Chad Barrett has chance to turn the tide for TFC
Thursday, July 31, 2008 | 01:10 AM ET
In some respects the comparisons are eerily similar.
They are both strikers, they both wear red jerseys, they were born in the same year, they’re the same height, and there’s more than a passing resemblance.
There, the similarities come to an abrupt halt.
One lives in an $8-million mansion in Cheshire, England; the other will soon be house hunting in Toronto. To the best of my knowledge they have never met, never mind played against one another but Toronto FC Coach John Carver is hoping Chad Barrett can, in his own way, do for TFC what Wayne Rooney has done for Manchester United.
Don’t get me wrong - I’m not for a minute suggesting Barrett is in the same class as Rooney. If he were he wouldn’t be coming to Toronto, he’d be heading for the richer playing fields of Europe whence his successor Brian McBride has just returned.
Barrett, a product of UCLA, has scored 18 goals in three and a half years with the Chicago Fire; Rooney, a product of the Everton Youth Academy, has already surpassed the 50-goal mark in Premier League play alone approaching his fourth anniversary at Old Trafford.
Goals win games and Toronto needs some - soon.
Barrett offers Carver a different option. He’s young, mobile, and shoots with both feet but can hardly be considered prolific in his career to date. I don’t think he’s the answer to Toronto’s inability to convert its chances, but he can be part of the solution.
In 2008 the 23-year-old has scored five goals, but has set up four others. Nobdy on the current TFC roster can match those numbers. Danny Dichio has five goals and two helpers while Amado Guevara has three goals and three assists since his return to Major League Soccer. Guevara could do for Barrett what Cuauhtémoc Blanco has done for him in The Windy City - play the through-ball inside the defender and let Barrett use his pace to finish the move.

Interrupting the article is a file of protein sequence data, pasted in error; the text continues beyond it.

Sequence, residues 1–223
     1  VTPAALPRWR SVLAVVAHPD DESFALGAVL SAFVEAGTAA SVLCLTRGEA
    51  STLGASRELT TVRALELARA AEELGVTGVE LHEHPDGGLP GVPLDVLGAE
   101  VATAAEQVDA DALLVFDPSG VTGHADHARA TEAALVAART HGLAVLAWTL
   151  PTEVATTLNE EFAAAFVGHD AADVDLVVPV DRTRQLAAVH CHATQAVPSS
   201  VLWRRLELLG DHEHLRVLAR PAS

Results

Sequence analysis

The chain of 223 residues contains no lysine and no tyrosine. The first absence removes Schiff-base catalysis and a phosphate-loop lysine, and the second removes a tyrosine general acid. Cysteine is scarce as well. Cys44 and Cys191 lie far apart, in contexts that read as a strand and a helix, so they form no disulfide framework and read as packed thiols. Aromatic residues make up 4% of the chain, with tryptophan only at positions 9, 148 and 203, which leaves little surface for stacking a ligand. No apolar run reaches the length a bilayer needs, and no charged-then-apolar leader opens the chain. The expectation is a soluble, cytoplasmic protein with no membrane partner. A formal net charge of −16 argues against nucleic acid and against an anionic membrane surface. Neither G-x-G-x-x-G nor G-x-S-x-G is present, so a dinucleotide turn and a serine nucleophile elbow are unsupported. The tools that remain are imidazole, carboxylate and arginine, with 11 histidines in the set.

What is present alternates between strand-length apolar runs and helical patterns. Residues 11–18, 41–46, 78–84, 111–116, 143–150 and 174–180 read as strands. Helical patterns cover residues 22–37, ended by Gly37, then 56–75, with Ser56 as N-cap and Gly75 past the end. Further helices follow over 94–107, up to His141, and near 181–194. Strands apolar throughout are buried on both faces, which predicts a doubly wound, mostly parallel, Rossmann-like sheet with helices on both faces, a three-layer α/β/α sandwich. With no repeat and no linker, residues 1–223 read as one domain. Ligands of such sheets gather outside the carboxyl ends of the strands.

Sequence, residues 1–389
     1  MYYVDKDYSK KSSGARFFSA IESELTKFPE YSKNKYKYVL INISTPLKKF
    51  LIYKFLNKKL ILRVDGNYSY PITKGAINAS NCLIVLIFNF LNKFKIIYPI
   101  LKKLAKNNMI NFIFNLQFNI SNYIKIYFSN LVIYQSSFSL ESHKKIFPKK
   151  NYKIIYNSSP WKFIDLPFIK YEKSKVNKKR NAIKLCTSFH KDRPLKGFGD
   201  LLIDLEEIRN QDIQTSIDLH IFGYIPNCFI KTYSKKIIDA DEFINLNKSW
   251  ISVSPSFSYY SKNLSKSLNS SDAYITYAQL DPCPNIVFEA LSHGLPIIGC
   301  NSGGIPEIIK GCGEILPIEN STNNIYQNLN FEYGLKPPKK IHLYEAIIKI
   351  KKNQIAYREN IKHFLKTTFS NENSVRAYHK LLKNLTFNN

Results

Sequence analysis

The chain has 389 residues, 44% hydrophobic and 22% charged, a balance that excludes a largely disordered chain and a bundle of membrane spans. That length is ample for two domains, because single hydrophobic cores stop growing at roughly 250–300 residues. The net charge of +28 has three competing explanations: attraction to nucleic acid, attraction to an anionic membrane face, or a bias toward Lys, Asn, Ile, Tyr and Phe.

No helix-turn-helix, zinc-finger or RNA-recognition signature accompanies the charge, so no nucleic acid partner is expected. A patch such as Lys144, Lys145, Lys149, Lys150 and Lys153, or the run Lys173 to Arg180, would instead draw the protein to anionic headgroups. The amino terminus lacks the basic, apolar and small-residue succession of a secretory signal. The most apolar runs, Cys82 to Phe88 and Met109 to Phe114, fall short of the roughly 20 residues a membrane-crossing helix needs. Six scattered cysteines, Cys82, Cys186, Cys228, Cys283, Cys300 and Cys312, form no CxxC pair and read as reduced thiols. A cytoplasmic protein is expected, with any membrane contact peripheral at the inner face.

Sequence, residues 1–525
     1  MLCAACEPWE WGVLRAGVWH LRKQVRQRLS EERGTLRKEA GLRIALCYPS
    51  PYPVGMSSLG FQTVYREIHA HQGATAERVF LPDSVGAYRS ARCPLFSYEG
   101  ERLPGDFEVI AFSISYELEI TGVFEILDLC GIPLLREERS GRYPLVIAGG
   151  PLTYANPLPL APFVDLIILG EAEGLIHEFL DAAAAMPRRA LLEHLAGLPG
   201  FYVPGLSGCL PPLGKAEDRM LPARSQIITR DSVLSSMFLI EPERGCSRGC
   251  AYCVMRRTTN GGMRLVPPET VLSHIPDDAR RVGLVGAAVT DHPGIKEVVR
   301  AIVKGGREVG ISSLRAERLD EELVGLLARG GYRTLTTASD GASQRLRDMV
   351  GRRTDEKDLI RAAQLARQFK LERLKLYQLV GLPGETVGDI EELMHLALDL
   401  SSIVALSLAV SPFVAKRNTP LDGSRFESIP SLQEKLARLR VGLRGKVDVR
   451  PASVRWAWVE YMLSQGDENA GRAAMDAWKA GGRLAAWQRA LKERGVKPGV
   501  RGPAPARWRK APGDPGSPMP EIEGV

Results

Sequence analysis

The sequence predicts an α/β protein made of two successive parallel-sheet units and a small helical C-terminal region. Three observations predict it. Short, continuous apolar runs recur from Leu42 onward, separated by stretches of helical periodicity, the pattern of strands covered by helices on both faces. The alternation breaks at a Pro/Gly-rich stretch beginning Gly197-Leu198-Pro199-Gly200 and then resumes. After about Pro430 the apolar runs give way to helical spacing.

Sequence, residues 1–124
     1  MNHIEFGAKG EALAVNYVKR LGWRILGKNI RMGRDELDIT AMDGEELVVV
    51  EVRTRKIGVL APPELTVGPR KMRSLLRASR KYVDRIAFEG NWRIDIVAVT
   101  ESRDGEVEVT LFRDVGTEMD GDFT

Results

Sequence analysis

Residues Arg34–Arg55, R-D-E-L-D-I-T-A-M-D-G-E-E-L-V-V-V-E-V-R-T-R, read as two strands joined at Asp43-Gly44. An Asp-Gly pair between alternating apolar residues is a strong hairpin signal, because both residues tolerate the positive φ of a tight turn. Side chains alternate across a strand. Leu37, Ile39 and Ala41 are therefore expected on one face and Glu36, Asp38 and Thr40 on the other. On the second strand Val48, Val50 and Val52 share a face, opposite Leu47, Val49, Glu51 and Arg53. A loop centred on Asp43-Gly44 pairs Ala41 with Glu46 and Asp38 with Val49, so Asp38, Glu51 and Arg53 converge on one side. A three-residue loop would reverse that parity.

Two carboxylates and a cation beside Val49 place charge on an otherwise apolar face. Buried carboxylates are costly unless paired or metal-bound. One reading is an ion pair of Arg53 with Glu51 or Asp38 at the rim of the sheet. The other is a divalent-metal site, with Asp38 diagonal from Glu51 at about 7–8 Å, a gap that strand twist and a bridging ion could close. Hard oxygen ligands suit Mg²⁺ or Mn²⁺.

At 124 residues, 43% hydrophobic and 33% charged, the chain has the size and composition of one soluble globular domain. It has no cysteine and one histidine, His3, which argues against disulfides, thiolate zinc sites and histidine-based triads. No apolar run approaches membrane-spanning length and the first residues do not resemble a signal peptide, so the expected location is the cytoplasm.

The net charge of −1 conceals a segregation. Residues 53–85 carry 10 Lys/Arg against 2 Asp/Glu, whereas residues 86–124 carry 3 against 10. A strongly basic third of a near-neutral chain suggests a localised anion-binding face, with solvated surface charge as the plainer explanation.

This, of course, only works in theory. How will the new kid in town adapt to the TFC style; how will he handle the crowd pressure and how will he take to the artificial turf loathed by a significant number of his fellow professionals? Time alone will tell but Barrett needs to hit the turf running on Sunday when he will, no doubt, make his debut against Dallas.
What Barrett does have on his side is time; time to learn, time to hone his skills and time to mature into a consistent goal-scorer in MLS.
Top strikers rarely reach their peak until their late-20’s so Barrett’s willingness to work hard on his game over the next few years will be key. His career goals-per-game ratio is nothing to write home about - marginally less than a goal every four games. A top quality striker expects to average one in two, which is, perhaps, part of the reason Barrett was overlooked for the US Olympic roster despite helping his country’s U-23 team qualify for Beijing.
His omission may be a personal disappointment, but his availability for Toronto is a big plus as Barrett familiarizes himself with his new surroundings. He knows the ups and downs of being a visiting player at BMO Field having been on the receiving end of TFC’s historic first franchise win in May 2007, only to return in late July and avenge the loss.
Chad Barrett, who also scored against Toronto in Chicago last season, is by no means the finished article, but if he can bring some luck across the Great Lakes, he could be the spark Carver craves to re-ignite the season.
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About the Author
Nigel Reed lends his extensive experience, passion and knowledge of the game of soccer to his role as play-by-play announcer for CBC’s Major League Soccer broadcasts.
Reed has more than 20 years experience covering soccer, most notably a five-year stint from 1999 to 2004 where he was a host and producer for the English Premier League for BBC. He also covered English Premier League giants Liverpool and Everton for BBC Radio and provided analysis for both BBC TV and the BBC website.
More recently, Reed served as play-by-play announcer for CBC’s coverage of the 2007 FIFA U-20 World Cup. He also hosts The Soccer Show for the Toronto sports radio station the Fan 590.
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